Whew! There’s a LOT of worker-news today. (Readers: Don’t expect every day to be as productive as this one.)
The TSA (Transportation Security Administration) is responsible for, among other things, hiring the people who screen your luggage at the airport whenever you fly. For months, security analysts have been blasting these screeners for being poorly trained and the TSA for understaffing the program. The Bush Administration refused to respond to these charges, much less do anything to correct them (so what else is new?) and a union – the American Federation of Government Employees (AFGE) – is stepping in to do it for them by organizing the TSA’s non-union workforce.
AFGE maintains that collective bargaining rights help smooth agency operations because labor-management contracts provide a structure for addressing employee issues, including job performance.Peter Winch, an organizer with AFGE, said the union had asked Democrats to put bargaining rights for TSA screeners “on the agenda for the first 100 hours.” He continued, “It does not make sense to keep these employees from collective bargaining rights when other Department of Homeland Security employees have those rights.”
The reason that TSA workers don’t belong to the AFGE already lies at the feet of the Bush Administration. We all know that the conservative ideologues in the White House are union-bashers from way back (the Labor Secretary is an ex-corporate lawyer, for god’s-sake), and some of us know that ever since he was pseudo-elected, Bush has been trying to break the Federal employees’ union or, failing that, to go around it by edicting policies that make it irrelevant. When he created Homeland Security after 9/11 and began the massive re-organization that accompanied it, Bush took the opportunity it afforded him because he was creating a brand-new department to order that it be non-unionized “for reasons of national security” (what those reasons were, exactly, he never said). That’s still the excuse TSA management is using to deny its workers the right to collective bargaining.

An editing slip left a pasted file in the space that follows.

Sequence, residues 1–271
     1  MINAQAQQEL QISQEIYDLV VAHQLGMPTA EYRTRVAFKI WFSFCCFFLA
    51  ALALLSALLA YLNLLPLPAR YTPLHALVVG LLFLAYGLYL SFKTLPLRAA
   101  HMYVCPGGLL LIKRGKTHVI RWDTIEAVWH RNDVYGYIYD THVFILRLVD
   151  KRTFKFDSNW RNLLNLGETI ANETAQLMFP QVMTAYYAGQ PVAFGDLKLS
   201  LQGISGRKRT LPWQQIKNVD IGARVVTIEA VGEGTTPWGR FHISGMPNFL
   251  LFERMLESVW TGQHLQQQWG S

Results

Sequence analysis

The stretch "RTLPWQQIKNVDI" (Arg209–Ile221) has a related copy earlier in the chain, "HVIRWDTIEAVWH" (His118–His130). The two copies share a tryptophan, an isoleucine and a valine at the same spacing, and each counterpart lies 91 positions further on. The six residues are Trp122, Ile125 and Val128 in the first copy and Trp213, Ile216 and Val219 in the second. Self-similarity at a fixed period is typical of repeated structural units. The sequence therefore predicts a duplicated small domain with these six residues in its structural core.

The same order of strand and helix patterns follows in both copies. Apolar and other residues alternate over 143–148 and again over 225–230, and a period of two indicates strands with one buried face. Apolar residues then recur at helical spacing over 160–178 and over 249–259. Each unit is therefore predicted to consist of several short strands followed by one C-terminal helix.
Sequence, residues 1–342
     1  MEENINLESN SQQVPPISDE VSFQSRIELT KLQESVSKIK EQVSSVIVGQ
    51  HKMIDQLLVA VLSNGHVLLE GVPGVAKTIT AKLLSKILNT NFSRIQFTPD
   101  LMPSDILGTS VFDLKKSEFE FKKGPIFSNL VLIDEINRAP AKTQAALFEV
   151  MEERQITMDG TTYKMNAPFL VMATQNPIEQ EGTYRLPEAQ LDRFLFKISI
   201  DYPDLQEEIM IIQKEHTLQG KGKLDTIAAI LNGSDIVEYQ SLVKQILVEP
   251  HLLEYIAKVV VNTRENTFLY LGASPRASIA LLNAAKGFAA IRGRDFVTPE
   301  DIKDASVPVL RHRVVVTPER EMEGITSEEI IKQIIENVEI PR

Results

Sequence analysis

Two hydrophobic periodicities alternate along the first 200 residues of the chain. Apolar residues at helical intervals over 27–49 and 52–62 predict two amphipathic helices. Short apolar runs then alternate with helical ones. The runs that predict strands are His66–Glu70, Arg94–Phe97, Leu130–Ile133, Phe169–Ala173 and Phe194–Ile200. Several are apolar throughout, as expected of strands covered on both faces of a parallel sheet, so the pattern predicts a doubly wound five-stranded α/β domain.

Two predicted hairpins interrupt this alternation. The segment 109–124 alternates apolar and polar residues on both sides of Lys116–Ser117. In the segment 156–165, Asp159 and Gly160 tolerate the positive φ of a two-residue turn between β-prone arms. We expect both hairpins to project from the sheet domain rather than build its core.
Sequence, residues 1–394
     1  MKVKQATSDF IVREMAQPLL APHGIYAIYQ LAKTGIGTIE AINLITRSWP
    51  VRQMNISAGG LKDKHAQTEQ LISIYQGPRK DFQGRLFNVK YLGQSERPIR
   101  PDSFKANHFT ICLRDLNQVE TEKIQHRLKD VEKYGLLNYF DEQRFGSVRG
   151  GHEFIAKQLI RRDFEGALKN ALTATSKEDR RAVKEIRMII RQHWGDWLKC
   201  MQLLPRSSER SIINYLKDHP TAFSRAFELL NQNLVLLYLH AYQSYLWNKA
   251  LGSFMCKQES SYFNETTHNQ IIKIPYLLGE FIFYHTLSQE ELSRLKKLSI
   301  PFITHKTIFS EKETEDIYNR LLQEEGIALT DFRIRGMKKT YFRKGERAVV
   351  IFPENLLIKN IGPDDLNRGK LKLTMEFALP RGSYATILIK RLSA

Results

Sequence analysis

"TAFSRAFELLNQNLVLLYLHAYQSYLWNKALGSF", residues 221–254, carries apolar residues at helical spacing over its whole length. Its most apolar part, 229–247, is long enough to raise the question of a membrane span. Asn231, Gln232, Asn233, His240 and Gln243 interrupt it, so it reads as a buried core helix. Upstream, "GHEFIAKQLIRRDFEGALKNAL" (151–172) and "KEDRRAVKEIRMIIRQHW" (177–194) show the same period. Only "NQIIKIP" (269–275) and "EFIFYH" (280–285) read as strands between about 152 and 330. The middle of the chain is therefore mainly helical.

The TSA has said that collective bargaining is not appropriate for airport passenger and baggage screeners because of their national security mission and because the agency requires the ability to make personnel staffing changes rapidly in response to threats. In the law creating the TSA, Congress left it to the Bush administration to determine such issues as union rights for screeners.
Democrats: for future reference? It’s always a Bad Idea to leave worker rights or safety to the Bush Admin. They don’t give a damn.
The TSA’s argument is window-dressing. This has nothing to do with “national security”, this is about anti-union bias. It’s ridiculous to suppose that the AFGE would insist on labor rules that prevented a “response to threats”. That’s like saying police departments shouldn’t be unionized because then unions wouldn’t allow captains to assign their officers to trouble-spots without prior union approval, and fire departments shouldn’t be unionized because a union wouldn’t allow firefighters to cross jurisdictional zones to fight fires. It’s a bogus position to take on its face.
You’d think the AFGE would have a pretty good chance now that the Democrats are in charge, wouldn’t you? And for once you may be right.
The House provision, if approved, would go to the Senate. Sen. Joseph I. Lieberman (I-Conn.), chairman of the Senate Homeland Security and Governmental Affairs Committee, will support the House provision, his spokeswoman said yesterday.”The senator doesn’t see any national security reason to single out the TSA screeners,” spokeswoman Leslie Phillips said. “Other security personnel like customs agents and the Border Patrol have the right to collective bargaining, and that has not impaired their ability to protect American security.”
Let’s hope Holy Joe doesn’t back off this stance when Bush hears about it and throws one of his tantrums.
Filed under: Labor |